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Friday, December 16, 2005 

Napoleon lice 'n' mites

I've been meaning to blog this paper discussing evidence of louse-transmitted disease in corpses unearthed from Napoleon's army for a few days now, but haven't had the time to sit down with it. Now afarensis has saved me the work.

afarensis notes, however, that they extracted DNA from tooth pulp to amplify B. quintana (a louse-transmitted agent of trench fever), and says,

I will also be the first to admit that I have no idea how the DNA got into the pulp cavity in the first place...

Simple: via the bloodstream. Dental pulp is a living tissue, receiving a blood supply like any other tissue in the body—and any pathogens that are carried in the blood supply can end up there as well. Dental pulp is good for these ancient investigations because since it's surrounded by the tooth material, it's unlikely to be contaminated with other pathogen DNA, and it's more protected from decay and therefore a usable sample is more likely to be extracted. To my knowledge, this was pioneered by Michael Drancourt and Dider Raoult, both of whom are authors on the louse paper; the first publication on the technique was this one on Yersinia pestis DNA, which I'd not a half-hour ago mentioned in the comments to this thread. It's fascinating stuff--Drancourt and Raoult have also used it to examine B. quintana in a 4000 year old tooth, among other projects, which have significantly pushed forward the field of paleomicrobiology.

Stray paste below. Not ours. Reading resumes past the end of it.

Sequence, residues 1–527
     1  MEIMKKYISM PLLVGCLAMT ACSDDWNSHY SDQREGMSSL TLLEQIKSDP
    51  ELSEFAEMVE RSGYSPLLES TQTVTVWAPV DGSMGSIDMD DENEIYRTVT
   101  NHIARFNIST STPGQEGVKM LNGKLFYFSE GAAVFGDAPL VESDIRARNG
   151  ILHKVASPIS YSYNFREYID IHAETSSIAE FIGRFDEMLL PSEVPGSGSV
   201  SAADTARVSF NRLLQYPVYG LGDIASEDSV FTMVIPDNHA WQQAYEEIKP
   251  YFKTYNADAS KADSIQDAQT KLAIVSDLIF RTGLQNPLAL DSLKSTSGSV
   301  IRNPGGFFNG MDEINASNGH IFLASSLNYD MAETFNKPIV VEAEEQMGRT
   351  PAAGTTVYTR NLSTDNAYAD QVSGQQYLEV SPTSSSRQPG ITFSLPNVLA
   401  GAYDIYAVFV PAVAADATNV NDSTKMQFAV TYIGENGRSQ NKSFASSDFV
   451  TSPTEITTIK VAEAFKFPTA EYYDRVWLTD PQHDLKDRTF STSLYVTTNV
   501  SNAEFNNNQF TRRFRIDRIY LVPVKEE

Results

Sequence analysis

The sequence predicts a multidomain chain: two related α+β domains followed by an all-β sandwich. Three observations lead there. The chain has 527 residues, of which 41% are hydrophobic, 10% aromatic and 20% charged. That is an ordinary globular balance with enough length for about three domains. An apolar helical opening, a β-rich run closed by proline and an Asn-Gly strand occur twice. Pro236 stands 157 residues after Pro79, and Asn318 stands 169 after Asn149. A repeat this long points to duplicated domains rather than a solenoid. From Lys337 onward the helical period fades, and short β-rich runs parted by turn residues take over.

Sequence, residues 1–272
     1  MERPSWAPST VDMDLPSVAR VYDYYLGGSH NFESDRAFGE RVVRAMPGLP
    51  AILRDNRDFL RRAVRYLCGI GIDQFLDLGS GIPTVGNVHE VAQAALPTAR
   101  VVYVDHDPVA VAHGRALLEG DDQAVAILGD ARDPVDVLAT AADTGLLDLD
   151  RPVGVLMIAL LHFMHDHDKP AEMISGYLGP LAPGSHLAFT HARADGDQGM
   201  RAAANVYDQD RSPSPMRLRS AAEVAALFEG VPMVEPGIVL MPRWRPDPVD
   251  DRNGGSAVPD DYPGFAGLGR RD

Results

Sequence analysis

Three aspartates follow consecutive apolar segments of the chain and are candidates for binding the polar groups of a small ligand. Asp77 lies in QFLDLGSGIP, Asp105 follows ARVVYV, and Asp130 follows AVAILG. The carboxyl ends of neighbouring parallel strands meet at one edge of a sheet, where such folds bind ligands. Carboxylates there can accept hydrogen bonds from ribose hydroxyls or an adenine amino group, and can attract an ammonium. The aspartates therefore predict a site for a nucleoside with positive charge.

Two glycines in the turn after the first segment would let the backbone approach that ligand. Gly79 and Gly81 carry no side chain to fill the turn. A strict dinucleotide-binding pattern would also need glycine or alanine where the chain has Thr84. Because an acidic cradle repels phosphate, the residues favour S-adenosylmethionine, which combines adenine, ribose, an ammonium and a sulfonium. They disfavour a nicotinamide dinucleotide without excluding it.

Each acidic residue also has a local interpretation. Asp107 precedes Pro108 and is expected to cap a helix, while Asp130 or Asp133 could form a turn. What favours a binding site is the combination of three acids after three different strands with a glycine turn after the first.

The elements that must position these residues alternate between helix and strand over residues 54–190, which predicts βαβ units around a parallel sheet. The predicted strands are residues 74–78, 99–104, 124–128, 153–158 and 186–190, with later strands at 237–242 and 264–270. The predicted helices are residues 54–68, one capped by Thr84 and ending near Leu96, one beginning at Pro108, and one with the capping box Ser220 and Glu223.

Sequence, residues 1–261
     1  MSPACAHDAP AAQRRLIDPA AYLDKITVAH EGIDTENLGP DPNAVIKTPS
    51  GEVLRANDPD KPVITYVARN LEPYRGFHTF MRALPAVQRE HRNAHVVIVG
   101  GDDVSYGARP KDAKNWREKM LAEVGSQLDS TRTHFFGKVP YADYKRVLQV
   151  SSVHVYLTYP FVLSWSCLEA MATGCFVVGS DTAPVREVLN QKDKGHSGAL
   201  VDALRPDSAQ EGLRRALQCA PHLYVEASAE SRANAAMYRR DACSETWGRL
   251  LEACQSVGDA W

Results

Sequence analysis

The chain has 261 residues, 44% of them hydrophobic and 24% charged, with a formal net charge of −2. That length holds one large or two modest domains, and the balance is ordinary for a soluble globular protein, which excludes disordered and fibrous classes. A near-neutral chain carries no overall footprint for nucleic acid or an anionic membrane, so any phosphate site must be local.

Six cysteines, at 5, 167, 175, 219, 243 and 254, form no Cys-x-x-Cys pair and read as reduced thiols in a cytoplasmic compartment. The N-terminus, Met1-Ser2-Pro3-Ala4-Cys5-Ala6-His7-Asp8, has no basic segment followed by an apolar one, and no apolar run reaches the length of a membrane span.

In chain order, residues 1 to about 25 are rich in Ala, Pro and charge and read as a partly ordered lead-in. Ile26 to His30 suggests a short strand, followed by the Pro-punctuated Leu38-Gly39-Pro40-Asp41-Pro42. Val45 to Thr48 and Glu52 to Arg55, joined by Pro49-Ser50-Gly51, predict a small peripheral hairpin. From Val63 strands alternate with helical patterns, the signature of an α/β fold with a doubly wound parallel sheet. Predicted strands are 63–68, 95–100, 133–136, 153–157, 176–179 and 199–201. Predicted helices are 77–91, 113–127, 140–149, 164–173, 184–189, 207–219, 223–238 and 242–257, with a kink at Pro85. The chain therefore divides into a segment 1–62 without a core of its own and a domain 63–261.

About me

  • I'm Tara C. Smith
  • From Iowa, United States
  • I'm a mom and a scientist, your basic stressed-out, wanna-have-it-all-and-do-it-all Gen Xer. Recently transplanted from Ohio to Iowa, I've spent most of my life in the midwest (with 4 years of college spent out east in "soda" territory). My main interest, and the subject of my research, is infectious disease: how does the microbe cause illness? What makes one strain nasty, and another "avirulent?" Are the latter really not causing any disease, or could some of those be possible for the development of chronic disease years down the road? Additionally, I've spent a lot of time discussing the value of teaching evolution, and educating others about "intelligent design" and other forms of creationism. My interest in history of science and medicine is also useful as a way to tie all of the above interests together. [Disclaimer: the views here are solely my own, and do not represent my employer, my spouse, that guy who's always sitting by the fountain when I come into work, or anyone else with whom I may be remotely affiliated.]
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